Turn your Android into a director’s viewfinder with Cadrage

Tony Myers of smartmoviemaking.com has posted a succinct write-up of Cadrage, a new Android-only app that turns your smartphone into a director’s viewfinder (a tool used by directors and cinematographers to line up shots without having to lug heavy camera equipment all over the place). Cadrage isn’t the first Android app to offer this functionality, but at $10.99, it’s nearly one third the cost of Artemis Director’s Viewfinder (an HHH favorite available for Android and iOS). If you’re an Android owner, make sure to check out Tony’s post!  If you’d like to be notified when Cadrage hits the iOS platform, you can sign

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Apps

Oscar nominated doc partially shot on iPhone!

Update: Searching for Sugar Man has WON the Oscar! Are you one of those people who still doubt an iPhone can be used to shoot a “real” production? Well then, perhaps this will change your mind… When filmmaker Malik Bendjelloul ran out of money to continue shooting and processing film for his new documentary, Searching for Sugar Man, he turned to his iPhone and a $1.99 vintage video camera app called 8mm. Sure, that’s awesome, but you know what’s even more awesome? Searching for Sugar Man is now nominated for an Academy award!Rather than yammering on about it, I’ll simply point

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Announcements

Touch Edit and Cine Meter at San Francisco SuperMeet TONIGHT!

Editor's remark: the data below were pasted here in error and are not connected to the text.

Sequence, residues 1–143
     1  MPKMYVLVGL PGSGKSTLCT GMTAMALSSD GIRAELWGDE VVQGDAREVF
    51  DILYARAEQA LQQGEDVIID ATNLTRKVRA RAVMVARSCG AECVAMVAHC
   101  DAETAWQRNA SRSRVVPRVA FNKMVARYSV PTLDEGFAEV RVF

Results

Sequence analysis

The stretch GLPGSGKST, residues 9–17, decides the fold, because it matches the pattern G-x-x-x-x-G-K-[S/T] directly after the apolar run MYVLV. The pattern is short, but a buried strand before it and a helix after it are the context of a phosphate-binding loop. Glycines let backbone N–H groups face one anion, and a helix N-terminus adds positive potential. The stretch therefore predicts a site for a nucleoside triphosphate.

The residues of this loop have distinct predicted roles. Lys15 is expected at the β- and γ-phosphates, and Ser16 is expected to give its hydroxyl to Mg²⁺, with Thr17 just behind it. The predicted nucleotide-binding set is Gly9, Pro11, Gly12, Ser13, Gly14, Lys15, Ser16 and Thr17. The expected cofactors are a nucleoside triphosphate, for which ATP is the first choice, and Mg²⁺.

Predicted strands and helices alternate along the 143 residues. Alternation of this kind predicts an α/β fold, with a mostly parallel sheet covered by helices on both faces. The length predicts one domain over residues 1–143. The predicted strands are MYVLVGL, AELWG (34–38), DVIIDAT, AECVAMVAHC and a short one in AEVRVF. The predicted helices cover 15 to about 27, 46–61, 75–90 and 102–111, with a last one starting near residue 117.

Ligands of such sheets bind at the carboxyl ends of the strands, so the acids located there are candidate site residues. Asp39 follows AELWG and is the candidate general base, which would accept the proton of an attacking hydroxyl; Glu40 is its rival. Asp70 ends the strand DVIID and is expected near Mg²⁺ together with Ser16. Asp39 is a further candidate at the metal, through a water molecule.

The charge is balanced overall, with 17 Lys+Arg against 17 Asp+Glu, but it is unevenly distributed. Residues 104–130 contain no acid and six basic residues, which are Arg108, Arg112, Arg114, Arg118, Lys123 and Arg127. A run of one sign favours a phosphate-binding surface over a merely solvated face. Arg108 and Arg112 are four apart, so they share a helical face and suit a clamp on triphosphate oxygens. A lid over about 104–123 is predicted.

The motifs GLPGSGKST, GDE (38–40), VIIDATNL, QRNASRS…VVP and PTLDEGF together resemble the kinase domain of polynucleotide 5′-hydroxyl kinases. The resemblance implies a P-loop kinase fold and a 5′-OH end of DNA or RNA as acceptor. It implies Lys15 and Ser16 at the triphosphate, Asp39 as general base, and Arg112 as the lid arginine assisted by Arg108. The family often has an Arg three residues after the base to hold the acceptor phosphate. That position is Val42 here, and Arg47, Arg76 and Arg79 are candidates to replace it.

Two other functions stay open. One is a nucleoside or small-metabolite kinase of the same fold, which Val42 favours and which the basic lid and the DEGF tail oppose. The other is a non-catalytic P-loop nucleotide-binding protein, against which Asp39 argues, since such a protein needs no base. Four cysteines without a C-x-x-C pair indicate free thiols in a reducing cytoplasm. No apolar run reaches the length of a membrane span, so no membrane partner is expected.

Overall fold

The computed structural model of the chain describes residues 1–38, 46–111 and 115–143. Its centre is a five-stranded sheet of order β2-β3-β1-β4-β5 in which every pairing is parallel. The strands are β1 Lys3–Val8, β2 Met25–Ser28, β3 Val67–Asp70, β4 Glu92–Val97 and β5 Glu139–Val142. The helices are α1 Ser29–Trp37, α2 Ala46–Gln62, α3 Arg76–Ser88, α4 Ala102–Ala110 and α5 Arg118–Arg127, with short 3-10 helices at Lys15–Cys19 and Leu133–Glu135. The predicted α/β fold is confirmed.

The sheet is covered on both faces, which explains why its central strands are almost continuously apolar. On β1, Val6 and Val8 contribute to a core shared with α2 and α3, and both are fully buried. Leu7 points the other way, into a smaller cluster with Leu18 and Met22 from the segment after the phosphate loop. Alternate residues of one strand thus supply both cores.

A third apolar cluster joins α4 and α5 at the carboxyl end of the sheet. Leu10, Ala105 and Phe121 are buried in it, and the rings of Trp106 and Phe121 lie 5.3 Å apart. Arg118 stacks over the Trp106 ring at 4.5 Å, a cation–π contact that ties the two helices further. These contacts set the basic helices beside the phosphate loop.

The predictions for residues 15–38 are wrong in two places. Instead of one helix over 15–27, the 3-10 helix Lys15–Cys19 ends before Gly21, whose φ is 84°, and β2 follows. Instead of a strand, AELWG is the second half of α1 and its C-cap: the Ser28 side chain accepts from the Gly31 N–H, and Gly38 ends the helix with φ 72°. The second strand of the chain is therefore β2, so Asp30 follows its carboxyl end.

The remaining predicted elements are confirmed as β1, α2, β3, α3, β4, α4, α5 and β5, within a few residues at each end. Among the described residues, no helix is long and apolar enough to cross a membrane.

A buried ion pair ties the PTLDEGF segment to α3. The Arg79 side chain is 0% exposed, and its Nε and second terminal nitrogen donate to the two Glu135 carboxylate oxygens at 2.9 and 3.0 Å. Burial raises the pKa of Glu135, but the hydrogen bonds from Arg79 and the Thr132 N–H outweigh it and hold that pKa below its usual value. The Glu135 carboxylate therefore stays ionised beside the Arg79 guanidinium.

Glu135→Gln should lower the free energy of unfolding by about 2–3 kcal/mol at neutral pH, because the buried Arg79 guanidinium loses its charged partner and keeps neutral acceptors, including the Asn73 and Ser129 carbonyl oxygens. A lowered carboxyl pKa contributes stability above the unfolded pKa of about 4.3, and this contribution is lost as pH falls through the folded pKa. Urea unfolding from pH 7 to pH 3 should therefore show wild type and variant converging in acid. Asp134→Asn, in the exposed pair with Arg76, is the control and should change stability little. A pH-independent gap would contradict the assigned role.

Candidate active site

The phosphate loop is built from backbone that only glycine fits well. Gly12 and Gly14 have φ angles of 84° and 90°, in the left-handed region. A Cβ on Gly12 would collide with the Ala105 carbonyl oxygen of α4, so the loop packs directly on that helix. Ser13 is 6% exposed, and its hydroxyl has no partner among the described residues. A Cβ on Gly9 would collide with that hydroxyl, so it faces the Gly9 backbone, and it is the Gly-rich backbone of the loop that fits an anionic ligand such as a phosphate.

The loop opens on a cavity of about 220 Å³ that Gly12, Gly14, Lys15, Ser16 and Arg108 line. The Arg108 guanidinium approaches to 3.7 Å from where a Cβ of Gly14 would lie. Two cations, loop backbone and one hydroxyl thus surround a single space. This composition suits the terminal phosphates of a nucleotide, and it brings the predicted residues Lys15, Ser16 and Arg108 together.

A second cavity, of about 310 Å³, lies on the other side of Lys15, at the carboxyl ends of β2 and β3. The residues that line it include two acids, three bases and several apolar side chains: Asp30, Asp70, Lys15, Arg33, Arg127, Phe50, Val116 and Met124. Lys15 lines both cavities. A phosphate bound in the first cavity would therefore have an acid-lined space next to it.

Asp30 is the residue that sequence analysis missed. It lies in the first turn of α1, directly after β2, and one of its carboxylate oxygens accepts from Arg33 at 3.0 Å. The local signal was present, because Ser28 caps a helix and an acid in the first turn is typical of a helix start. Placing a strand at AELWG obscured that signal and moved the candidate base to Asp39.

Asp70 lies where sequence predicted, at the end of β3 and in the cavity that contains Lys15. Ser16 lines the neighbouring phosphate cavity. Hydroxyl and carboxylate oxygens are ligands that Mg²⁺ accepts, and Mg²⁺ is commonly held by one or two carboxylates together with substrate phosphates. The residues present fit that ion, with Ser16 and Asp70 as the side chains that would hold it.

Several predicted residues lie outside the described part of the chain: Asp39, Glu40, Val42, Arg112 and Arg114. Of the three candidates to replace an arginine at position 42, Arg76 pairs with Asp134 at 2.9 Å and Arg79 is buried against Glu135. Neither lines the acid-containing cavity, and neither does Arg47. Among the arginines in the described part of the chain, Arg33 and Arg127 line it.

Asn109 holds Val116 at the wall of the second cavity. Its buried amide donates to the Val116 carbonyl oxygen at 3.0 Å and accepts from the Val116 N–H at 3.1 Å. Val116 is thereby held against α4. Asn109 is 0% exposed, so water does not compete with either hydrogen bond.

If you’re in the San Francisco area (for Macworld, perhaps) and you want to check out two of the coolest new iOS filmmaking apps, make sure to swing by tonight’s 12th Annual SuperMeet. In addition to all kinds of brilliant guest speakers, awesome vendors, and a mind-blowing raffle, you’ll get to watch professional editor Dan Lebental, A.C.E. demonstrate his brand new video editing tool Touch Edit, an app that uses gestures and touch commands to capture the spirit of classical filmmaking while offering cutting-edge digital editing capabilities. But wait, there’s more! You’ll ALSO get to watch video pro and tech author

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Apps

Artemis Director’s Viewfinder gets a MAJOR update

Chemical Wedding has released a major update to their already indispensable Artemis Director’s Viewfinder ($29.99). Version 6 includes a welcome interface re-design, support for AirPlay (Apple’s wireless video protocol) and the ability to store meta-data filled snapshots in a built-in gallery. If you’re not already familiar with Artemis, it’s an app that turns your iPhone’s (or iPad’s) built-in camera into a full-blown, feature rich director’s viewfinder — a gizmo that directors and cinematographers use to line up shots without having to lug a camera all over set. Even though the app has received a lovely face-lift, existing users will feel right

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Apps

Vimeo’s iPhone app loses its editing tools. Hooray!

Vimeo, YouTube’s significantly better dressed cousin, has just updated its iOS app. Aside from adding background video uploading, easier sharing on social networks, and some welcome interface refinements, the big news here is that Vimeo ditched one of the app’s marquee features: video editing. HOORAY! Why is this a good thing? Because it’s a clear indication that iOS based video editing has evolved to the point where mediocre tools are no longer relevant.